Five things from UFC 115
1. It's time for Chuck Liddell to find his sunset
After 23 fights in the UFC, many of them as a headliner, Chuck Liddell has finally given the sport all he has to give. His first-round knockout loss to Rich Franklin illustrated that point in unfortunate and visceral fashion.
The image of Liddell laid out on the canvas in a discombobulated haze as his body and brain struggled to get on the same page was something no one wanted to see, but it felt all too predictable. Liddell's knockout punches aren't as fast or powerful as they used to be. The chin that used to eat return fire with ease can barely survive an exchange.
If Dana White expects anyone to believe that he cares about his fighters, he'll tell Liddell -- one of the men who helped make the UFC what it is today -- that it's time to call it a career.
2. Pat Barry is wasting his potential
There was a moment in the first round of Patrick Barry's fight with Mirko Filipovic when Barry dropped his hands and embraced the man he was being paid to fight. Moments like that make for a unique visual, but it's worrying that Barry couldn't get over his doe-eyed hero worship of Filipovic long enough to finish the job he started.
Cro Cop was getting outclassed by his youthful foe until Barry simply stopped doing the things that were winning him the fight. For whatever reason, Barry stopped throwing the leg kicks that were hobbling Filipovic and seemed dead-set on scoring a high-kick knockout.
All it got him was a gas tank running on empty and a submission to a rear-naked choke with no hooks in. It's time for Barry to throw away the junk food and become a professional, or he'll end up just another sad story in an unforgiving sport.
3. Martin Kampmann is only getting better
The vast majority of fans and observers, myself included, thought Martin Kampmann would give Paulo Thiago a good fight en route to a loss. Past displays of Kampmann's iffy chin and poor game-planning were seemingly enough to ensure that Thiago would eventually gain the upper hand and hold onto it.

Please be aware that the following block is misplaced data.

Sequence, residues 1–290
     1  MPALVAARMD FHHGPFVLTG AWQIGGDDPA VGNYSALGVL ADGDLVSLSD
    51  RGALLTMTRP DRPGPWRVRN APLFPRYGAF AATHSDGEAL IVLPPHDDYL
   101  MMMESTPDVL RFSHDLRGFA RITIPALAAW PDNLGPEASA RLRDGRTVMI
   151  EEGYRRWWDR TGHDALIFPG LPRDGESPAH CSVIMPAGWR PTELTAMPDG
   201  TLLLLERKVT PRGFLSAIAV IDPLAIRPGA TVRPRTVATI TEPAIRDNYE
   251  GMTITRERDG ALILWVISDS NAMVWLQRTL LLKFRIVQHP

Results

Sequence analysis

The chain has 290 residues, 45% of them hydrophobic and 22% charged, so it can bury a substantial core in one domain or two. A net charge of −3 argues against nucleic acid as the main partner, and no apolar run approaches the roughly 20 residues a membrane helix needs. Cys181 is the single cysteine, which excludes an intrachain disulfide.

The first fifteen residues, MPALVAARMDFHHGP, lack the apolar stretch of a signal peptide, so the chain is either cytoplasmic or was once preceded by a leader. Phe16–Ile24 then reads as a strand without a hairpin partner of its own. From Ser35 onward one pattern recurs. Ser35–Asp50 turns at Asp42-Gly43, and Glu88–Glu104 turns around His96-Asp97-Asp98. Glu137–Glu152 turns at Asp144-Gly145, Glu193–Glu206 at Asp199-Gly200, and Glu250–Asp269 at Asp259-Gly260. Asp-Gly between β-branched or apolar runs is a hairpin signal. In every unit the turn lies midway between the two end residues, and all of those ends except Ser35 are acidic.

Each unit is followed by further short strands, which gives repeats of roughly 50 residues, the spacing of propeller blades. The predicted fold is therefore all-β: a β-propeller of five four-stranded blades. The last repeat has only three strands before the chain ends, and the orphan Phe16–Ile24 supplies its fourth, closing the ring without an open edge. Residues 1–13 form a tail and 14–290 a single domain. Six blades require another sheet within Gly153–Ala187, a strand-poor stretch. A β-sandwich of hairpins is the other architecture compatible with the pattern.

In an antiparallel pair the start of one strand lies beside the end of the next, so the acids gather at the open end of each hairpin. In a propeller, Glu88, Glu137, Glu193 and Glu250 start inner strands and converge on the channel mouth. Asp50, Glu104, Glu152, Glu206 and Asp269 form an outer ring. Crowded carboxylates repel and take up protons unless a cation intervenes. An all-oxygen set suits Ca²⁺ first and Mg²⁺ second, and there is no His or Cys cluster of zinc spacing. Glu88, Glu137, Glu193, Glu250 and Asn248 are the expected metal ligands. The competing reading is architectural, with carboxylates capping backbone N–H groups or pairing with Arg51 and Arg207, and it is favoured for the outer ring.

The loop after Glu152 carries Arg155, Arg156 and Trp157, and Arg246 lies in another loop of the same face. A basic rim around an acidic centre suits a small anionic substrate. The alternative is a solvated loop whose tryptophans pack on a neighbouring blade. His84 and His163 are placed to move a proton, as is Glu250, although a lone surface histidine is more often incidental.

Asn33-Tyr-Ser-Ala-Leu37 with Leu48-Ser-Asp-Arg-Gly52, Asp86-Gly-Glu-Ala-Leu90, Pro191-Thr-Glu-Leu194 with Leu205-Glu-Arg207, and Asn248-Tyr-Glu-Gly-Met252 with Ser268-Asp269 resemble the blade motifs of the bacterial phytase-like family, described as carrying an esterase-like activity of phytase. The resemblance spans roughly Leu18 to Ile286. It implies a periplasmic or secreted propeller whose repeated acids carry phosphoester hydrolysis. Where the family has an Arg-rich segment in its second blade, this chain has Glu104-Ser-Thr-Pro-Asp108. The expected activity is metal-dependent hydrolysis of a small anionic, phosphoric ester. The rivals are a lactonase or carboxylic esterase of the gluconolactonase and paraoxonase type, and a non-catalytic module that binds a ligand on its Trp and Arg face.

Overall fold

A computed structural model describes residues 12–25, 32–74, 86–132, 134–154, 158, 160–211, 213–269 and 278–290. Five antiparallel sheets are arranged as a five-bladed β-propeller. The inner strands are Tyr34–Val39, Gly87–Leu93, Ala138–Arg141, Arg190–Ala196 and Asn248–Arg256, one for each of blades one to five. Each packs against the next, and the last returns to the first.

Instead Kampmann reminded the world that he is still one of the most gifted offensive fighters in the game. Better yet, Kampmann showed up with a strategy perfectly tailored to show off his strengths and camouflage his weaknesses.
If this becomes the norm for Kampmann, the welterweight division just got that much more interesting.
4. Evan Dunham is the truth
Tyson Griffin has lost before, but no one has been able to outclass him until now. Ignore Tony Weeks' egregious 29-28 scorecard, because Evan Dunham beat Griffin in every facet of the game.
Save for some anxious moments as Dunham struggled to find his range early on, this fight was nothing less than Dunham announcing himself as the UFC's newest lightweight title contender. A heavy-hitting southpaw with killer back control is no joke. Dunham proved against Griffin that he has the wrestling to dictate where his fights will go.
The winner of the lightweight title rematch between Frankie Edgar and B.J. Penn will likely have to worry about Dunham much sooner than later.
5. Mistakes in MMA have real consequences
Tony Weeks thought Tyson Griffin beat Evan Dunham. Yves Lavigne cost Mac Danzig a make-or-break fight. Kevin Dornan made a tough call and handed Carlos Condit a technical knockout win.
The first two calls were serious mistakes and the third is already igniting some contentious debates. What they all have in common is that the consequences are felt entirely by the fighters. Judges and referees really answer to no one as long as they can construct even the most flimsy defense for their actions.
I've said this many times before and I'll say it again now: There is a serious problem with the judging and refereeing of MMA and something has to be done about it.
Tomas Rios is a contributor to Sherdog.com.
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